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The Daily Wildcat

The Daily Wildcat


Small grants fund big goals

Combined, their grants don’t even add up to $20,000. But two UA professors will use every dollar to improve public health at home and abroad.

Malaria kills about 34,000 children under age 5 in Kenya every year and is a leading cause of death in the country, according to USAID/Kenya, an independent federal government agency that supports economic growth, global health and democracy in Kenya. The government provides citizens with bed nets to protect them from mosquitoes carrying malaria. But for some reason, people aren’t using them.

Kacey C. Ernst, an assistant professor in the Mel & Enid Zuckerman College of Public Health, will use her seed grant to study net misuse in Western Kenya. The UA’s Faculty Seed Grants Program provides short-term support to jumpstart projects that will develop into major proposals.

Past studies show many people are not sleeping under their bed nets. Underestimating malaria’s severity and viewing the net as a nuisance could be reasons for it, Ernst said. Her team will gather information from focus groups. That data will contribute to making and distributing surveys to a larger segment of the population.

Ernst, who has worked in Kenya intermittently for 11 years, won’t head to the African country for the study, since it would cost half her budget to travel there. Ernst will supervise from a distance and analyze the data. Her $8,823 grant will be spent through her collaborators in Kenya.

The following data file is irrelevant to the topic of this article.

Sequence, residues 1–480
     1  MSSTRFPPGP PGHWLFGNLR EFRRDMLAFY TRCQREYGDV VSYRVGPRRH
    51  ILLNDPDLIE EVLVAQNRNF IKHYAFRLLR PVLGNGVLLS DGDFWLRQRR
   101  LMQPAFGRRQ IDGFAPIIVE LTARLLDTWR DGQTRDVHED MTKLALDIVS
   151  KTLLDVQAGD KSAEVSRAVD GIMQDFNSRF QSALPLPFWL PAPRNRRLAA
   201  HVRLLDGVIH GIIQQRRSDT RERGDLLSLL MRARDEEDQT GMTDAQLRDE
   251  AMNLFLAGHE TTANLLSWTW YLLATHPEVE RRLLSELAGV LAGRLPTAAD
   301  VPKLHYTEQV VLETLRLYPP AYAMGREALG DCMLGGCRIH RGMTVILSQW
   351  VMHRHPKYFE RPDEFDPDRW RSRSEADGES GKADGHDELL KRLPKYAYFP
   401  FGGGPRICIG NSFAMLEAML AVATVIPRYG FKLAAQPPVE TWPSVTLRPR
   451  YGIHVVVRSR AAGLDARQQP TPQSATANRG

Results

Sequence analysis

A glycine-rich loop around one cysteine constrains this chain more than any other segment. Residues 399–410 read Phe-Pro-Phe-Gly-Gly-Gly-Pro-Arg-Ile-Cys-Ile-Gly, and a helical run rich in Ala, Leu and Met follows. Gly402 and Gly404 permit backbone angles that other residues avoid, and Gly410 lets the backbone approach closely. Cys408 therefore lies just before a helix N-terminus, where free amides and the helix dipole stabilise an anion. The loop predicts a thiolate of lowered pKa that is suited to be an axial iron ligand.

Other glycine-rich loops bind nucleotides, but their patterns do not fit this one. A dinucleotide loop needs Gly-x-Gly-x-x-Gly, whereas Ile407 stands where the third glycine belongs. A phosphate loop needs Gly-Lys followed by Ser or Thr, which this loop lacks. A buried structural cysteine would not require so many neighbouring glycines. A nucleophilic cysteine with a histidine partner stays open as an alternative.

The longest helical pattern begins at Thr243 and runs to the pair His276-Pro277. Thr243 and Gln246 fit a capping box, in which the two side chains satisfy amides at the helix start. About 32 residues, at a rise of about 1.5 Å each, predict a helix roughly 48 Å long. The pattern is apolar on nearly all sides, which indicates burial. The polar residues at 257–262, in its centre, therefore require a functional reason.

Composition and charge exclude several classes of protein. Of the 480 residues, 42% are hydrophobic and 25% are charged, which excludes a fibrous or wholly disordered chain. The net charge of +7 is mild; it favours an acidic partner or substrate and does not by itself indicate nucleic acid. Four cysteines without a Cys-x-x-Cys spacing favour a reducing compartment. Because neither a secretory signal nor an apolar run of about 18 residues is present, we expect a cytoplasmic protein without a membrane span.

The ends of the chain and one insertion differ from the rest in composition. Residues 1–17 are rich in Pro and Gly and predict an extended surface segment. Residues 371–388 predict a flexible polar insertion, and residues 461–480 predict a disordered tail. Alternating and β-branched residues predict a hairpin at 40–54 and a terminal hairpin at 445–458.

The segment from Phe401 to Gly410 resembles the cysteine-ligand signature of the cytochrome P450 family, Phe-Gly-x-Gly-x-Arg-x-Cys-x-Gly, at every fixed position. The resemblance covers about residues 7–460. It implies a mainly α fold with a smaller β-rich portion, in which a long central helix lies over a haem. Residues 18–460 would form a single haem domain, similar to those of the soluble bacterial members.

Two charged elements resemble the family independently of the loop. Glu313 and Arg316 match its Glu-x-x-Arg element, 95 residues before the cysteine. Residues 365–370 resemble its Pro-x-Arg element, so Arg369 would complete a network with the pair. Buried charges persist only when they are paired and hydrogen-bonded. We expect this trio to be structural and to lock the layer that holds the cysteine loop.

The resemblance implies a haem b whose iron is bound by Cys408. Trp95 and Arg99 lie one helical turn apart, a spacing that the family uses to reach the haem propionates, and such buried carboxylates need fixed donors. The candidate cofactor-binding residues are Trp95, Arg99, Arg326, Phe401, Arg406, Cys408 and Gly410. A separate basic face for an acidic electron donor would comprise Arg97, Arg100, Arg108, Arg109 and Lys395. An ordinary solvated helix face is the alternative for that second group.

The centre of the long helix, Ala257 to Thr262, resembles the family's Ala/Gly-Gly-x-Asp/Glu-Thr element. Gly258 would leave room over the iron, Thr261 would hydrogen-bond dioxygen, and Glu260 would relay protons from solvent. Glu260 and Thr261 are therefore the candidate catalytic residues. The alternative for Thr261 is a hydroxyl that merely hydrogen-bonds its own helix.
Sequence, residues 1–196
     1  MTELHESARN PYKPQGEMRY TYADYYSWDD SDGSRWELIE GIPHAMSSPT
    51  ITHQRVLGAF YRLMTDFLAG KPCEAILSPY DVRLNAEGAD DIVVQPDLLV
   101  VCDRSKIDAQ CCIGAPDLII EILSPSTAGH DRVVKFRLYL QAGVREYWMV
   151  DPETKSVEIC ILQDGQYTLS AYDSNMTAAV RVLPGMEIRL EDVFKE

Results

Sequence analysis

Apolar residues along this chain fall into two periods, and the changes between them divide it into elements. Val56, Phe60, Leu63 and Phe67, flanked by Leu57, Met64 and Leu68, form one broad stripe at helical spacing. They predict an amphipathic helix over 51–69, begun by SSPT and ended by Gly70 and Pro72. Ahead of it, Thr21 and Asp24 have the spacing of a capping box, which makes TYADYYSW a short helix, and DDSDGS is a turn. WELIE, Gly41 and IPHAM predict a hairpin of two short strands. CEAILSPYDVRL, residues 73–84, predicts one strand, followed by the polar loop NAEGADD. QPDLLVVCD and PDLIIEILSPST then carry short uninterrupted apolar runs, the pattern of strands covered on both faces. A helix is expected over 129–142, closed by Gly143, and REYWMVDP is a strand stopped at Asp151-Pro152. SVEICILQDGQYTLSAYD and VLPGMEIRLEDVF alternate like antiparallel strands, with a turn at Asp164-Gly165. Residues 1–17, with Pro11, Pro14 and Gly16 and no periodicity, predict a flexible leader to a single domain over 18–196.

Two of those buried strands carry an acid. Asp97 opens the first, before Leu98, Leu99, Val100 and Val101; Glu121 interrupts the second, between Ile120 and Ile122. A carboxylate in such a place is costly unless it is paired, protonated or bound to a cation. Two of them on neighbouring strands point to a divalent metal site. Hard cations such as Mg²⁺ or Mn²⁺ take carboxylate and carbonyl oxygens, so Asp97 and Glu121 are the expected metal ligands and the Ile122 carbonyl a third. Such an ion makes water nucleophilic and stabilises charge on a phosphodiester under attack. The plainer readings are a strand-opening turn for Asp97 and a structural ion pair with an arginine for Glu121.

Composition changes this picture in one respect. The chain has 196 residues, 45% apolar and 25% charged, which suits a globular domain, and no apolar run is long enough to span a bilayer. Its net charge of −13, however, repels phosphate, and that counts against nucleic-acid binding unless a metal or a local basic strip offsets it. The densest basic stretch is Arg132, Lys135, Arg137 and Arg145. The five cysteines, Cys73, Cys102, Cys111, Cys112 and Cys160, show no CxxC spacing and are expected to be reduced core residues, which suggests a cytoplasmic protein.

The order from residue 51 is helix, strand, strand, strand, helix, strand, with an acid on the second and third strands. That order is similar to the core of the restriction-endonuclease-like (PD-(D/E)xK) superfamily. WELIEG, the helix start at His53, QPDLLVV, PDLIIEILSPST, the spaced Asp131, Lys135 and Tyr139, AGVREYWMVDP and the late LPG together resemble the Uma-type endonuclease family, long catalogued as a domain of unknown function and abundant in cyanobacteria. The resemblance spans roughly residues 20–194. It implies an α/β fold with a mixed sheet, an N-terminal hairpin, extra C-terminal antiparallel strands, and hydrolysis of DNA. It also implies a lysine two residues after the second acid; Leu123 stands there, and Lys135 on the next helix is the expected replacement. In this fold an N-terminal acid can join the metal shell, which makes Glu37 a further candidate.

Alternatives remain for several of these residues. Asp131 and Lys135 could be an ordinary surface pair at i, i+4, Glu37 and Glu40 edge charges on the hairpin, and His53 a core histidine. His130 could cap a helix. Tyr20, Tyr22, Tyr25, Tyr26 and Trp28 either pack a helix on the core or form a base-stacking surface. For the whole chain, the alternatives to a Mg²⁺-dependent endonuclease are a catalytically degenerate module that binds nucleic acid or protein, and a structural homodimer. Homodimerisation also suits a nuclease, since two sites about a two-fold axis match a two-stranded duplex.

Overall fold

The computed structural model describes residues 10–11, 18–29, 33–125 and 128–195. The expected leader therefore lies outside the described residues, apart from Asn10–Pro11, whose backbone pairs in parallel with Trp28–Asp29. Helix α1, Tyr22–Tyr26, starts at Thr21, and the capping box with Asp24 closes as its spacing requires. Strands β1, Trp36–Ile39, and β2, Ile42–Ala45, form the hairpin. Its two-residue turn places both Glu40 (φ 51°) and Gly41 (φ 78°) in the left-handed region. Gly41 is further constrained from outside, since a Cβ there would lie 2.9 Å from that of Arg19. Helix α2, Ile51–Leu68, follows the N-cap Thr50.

People facing logistical issues, like where and how to hang their net, will be easy to help. Working with people that don’t see the importance of using a bed net is the real challenge.

“I’ve encountered people that say, ‘Malaria happens and that’s just a part of life,’” Ernst said. “Behavior change is incredibly difficult to achieve, our strategy will be working with the community. We’ll try to develop a comprehensive strategy that will help address most, if not all the concerns.”

Kelly Reynolds, an associate professor of environmental health sciences in the College of Public Health, is developing a device to detect drinking water viruses in real time.

The tool is the size of a briefcase. The goal is to morph it into a handheld monitor that can measure the water’s safety with a probe. Miniaturizing methodologies that already exist will decrease supply costs and improve portability.

Potentially, anyone from a soldier in a foreign country to a person checking his or her pool water could use the device.

“The real question will be, can we get the sensitivity of the system down to a level that we need to have to protect the public health?” Reynolds asked. “We want to be able to detect one virus in a thousand liters of water.”

Norovirus is the top cause of waterborne outbreaks. It spreads via fecal to oral transmission and eventually makes its way into our food and water, Reynolds said.

“We’re in this continuous cycle of Norovirus contamination of our environment. A lot of people in the U.S. and around the world are drinking untreated water,” Reynolds said. “The water can look clean, but there might be things in there that you didn’t expect. And that’s what our system is designed to detect.”

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